Cryptocurrency GAAP – Any Clarity Yet?

So you now hold cryptocurrency in your business, perhaps because you’ve decided it is an advantageous medium of exchange, or you might hope to profit from an upswing in value. Clearly, your holdings are an asset of your business, but how should you display them on your balance sheet and at what amounts?

Well, the answer is not so clear. This is because no major accounting body worldwide has yet to figure it out. Many have begun studying this issue, and some trends are evolving, but no definitive requirements have emerged. For now, the companies that need to provide accounting recognition for these assets are mainly left to rule out what does not seem to work under existing guidance. Sort of a negative approach to getting at the answer.

Choices presented have generally included the following:

  • Cash or cash equivalents (which could include analogy to foreign currency)
  • Financial instrument
  • Inventory (or a commodity)
  • Intangible asset

Cash, cash equivalents and foreign currency do not seem to work, mainly because of existing definitions of “cash” in the accounting guidance. In order for cash to be cash, it must be accepted as legal tender, meaning that it must be accepted as a means of payment. Cryptocurrency is accepted as a transfer of value only if all parties to the exchange agree. Likewise, cash equivalents and foreign currency imply the ability to convert to local cash with near-term maturities that negate the risk of market fluctuations. The same rationale is present for financial instruments that rely on a contractual right to receive or exchange for cash.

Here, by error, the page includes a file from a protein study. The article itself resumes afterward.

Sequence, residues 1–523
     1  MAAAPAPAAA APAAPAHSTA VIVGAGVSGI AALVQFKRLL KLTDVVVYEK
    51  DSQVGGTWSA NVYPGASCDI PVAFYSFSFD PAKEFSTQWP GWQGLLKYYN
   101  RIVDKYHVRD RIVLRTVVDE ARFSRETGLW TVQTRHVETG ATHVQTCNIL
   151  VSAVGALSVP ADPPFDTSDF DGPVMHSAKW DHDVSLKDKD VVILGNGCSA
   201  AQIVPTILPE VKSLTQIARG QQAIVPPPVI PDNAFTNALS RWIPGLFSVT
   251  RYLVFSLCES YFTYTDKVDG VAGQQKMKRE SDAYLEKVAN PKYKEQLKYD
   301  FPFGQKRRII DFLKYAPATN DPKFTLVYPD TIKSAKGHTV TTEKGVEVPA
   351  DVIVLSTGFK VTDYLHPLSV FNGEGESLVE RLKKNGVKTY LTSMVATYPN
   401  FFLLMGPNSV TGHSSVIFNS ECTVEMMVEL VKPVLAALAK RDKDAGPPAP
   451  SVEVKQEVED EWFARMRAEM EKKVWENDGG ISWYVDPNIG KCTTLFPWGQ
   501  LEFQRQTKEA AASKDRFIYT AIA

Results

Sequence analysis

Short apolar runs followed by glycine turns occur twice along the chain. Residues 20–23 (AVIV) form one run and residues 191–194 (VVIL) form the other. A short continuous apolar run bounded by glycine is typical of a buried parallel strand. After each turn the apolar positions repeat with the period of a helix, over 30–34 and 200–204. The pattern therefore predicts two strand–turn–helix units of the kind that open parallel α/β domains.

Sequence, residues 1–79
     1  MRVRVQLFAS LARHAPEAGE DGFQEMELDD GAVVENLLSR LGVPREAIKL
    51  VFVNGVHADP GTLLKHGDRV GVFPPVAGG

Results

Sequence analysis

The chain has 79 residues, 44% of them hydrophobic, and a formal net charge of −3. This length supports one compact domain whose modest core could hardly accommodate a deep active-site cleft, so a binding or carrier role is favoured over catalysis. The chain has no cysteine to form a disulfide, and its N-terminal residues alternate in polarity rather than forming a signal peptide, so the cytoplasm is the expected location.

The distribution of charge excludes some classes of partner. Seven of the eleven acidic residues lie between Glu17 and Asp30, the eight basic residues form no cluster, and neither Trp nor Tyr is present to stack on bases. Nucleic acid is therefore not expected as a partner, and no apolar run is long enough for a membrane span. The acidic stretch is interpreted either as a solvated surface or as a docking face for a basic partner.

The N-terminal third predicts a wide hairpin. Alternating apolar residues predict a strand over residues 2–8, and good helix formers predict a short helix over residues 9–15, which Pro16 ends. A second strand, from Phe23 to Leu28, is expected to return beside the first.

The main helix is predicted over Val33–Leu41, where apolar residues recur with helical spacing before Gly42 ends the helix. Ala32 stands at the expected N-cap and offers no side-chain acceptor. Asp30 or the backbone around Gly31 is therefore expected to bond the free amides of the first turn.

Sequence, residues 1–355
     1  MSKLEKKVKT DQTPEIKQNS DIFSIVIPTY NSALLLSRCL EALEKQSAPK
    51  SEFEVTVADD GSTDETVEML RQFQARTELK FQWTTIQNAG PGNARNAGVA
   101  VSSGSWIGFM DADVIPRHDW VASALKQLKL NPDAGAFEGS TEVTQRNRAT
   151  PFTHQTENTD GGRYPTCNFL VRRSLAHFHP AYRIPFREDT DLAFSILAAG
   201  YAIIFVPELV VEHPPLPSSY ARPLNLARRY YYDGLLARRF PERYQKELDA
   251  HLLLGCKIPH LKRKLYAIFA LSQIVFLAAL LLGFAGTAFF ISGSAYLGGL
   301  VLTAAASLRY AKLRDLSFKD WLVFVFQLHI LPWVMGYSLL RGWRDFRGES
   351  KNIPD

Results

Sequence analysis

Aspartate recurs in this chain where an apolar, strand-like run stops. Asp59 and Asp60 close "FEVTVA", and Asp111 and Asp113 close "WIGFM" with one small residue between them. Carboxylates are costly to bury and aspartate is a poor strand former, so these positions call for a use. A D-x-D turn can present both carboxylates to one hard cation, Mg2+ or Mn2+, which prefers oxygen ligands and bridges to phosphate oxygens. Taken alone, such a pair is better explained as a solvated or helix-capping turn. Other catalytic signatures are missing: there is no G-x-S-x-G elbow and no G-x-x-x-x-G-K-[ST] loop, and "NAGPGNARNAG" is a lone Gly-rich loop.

Inventory or commodity treatment might meet the requirement of being held for sale in the business, but the US GAAP definition of inventory also includes the attribute of being a tangible asset. Is this a substantive distinction, given the presence of a new instrument trying to fit into existing accounting rules? Hard to say…

For now, the best choice appears to be an intangible asset, because these assets, by definition, lack physical presence and clearly cryptocurrency is an asset. Additionally, because cryptocurrencies have no prescribed life, they would be considered an indefinite-lived intangible asset. Classification as an indefinite-lived intangible asset would mean that the asset is not amortized, but is tested for impairment when events justify. Because cryptocurrency markets are volatile, judging when this intangible asset is “more likely than not” to be impaired can involve considerable judgement. Additionally, once an impairment write-down is taken, the asset cannot be written back up for market recoveries. So this model is not perfect either.

Additional questions remain:

  • What about cryptocurrency obtained through mining? What, if any, costs incurred in the mining process, which can be considerable, can be capitalized as part of the intangible asset?
  • Should cryptocurrencies be carried at fair value, with periodic rises and falls recorded in earnings?

Standards-setters in the US and the international body (IASB), as well as individual country groups such as Japan and Australia, have all begun to study the matter, recognizing that the frequency and materiality of companies with cryptocurrency activity is rapidly increasing. The emerging trend appears to be to go with some form of intangible asset accounting, but certainly modifications will have to be made to address the special characteristics of cryptocurrency assets.

The best we can do right now is say “stay tuned” for definitive guidance. For now, for most situations, it seems the “indefinite-lived intangible assets” guidance is most supportable, though certainly not the only position to take.